Decorah, Decorah North
Baltimore Orioles glean for food in the foliage of trees, shrubs, and bushes. They eat nectar, a wide variety of invertebrates, and fresh fruit. During the summer, their diet includes beetles, crickets, grasshoppers, moths, spiders, snails, caterpillars, webworms, gallworms, raspberries, mulberries, blackberries, and cherries. Although Baltimore Orioles don’t have to cope with ice and snow, they add more fruit and nectar to their diets in the spring and fall to help fuel breeding and migration. They will come to feeders for pieces of fruit, jelly, or sugar water.
Female Baltimore Orioles weave their remarkable hanging nests from grass, strips of grapevine bark, wool, hair, and artificial fibers like twine and fishing line. They nest near N2B and the Decorah North nest, and we’ve seen them stealing nest materials from Decorah North. Their nests are usually 3 to 4 inches deep, with a small opening on top and a bulging bottom chamber for eggs. Baltimore Orioles lay three to seven bluish-white to pale gray oval eggs with brown and black markings concentrated at larger end. They produce one brood per year, although they may reclutch after nest loss. The female incubates eggs for 11-14 days and both males and females feed young, who stay in the nest for 11-14 days before fledging. To learn more, visit Cornell’s website.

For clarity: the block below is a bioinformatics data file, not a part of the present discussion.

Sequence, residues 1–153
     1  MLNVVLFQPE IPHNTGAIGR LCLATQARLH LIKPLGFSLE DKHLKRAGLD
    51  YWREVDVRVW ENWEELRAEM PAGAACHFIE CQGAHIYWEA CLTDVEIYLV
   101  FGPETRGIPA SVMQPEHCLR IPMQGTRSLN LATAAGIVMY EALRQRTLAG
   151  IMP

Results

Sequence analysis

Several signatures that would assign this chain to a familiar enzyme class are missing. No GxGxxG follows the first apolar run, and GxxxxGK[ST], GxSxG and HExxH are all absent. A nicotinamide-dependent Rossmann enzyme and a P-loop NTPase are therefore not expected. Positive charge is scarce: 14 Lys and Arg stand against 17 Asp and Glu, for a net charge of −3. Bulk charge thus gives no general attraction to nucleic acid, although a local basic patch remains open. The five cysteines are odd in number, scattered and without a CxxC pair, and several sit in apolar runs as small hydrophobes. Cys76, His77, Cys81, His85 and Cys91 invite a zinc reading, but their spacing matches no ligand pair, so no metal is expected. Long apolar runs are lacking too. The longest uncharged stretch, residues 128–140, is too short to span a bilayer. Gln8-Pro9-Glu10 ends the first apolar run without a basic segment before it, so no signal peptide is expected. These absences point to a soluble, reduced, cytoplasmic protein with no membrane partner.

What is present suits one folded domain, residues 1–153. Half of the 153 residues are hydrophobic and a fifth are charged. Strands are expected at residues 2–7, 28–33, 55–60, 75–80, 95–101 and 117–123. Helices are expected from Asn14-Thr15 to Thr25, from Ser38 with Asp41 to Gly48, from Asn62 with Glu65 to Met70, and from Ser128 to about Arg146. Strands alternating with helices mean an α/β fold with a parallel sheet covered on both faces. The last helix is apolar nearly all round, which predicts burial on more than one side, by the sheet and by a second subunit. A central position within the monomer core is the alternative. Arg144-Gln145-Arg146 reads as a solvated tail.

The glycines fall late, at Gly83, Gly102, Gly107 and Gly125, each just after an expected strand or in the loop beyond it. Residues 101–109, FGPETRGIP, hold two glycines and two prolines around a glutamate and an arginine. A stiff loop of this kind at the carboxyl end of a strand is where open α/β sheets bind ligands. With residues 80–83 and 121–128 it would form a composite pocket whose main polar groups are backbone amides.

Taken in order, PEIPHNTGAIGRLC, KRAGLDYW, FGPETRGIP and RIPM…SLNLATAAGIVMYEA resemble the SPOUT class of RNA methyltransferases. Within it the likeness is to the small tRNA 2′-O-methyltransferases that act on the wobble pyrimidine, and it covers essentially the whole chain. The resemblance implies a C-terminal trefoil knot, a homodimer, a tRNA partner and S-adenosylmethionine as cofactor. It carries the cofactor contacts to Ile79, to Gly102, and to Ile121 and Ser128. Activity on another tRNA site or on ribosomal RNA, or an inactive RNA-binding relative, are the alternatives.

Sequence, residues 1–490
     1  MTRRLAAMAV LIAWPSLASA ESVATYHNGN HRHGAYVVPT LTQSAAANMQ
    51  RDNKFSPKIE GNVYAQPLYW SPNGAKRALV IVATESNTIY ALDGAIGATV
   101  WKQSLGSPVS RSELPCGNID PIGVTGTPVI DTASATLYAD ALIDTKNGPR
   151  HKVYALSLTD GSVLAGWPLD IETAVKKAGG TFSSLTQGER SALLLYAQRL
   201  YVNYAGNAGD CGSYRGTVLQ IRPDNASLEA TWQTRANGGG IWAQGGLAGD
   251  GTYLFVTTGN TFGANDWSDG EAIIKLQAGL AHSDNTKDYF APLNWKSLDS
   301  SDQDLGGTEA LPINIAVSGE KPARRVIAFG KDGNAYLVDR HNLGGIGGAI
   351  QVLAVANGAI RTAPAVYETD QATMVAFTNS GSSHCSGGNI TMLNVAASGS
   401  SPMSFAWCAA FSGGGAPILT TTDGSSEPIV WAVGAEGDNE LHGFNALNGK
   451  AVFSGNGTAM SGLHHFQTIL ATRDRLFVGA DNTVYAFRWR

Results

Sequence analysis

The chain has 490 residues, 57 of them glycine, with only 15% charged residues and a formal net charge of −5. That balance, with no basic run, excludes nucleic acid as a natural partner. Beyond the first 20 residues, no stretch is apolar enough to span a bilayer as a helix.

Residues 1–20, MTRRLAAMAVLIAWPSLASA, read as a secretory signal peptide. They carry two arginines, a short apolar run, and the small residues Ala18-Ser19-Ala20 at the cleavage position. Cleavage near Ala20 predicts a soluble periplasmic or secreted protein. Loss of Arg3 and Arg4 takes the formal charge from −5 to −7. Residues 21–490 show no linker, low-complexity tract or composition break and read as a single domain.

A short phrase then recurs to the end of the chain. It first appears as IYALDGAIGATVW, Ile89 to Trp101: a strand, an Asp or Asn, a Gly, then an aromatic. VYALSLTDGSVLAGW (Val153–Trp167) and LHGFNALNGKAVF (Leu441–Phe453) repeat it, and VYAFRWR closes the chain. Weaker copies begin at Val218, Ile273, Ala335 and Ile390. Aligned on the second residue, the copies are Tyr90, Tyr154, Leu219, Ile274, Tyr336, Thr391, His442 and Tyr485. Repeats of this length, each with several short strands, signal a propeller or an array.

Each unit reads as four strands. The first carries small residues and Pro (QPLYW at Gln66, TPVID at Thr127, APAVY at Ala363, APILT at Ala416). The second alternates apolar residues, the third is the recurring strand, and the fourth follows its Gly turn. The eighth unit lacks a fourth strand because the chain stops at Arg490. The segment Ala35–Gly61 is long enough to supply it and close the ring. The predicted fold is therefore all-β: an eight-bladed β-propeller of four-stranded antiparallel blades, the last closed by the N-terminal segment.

Bird Range Maps of North America
Ridgely, R.S., T.F. Allnutt, T. Brooks, D.K. McNicol, D.W. Mehlman, B.E. Young, and J.R. Zook. 2003.
Digital Distribution Maps of the Birds of the Western Hemisphere, version 1.0. NatureServe, Arlington, Virginia, USA. Data provided by NatureServe in collaboration with Robert Ridgely, James Zook, The Nature Conservancy – Migratory Bird Program, Conservation International – CABS, World Wildlife Fund – US, and Environment Canada – WILDSPACE.
Web Link: http://bit.ly/2ynPQ5I
The Cornell Lab of Ornithology Birds of North America: https://birdsna.org/Species-Account/bna/species/balori/introduction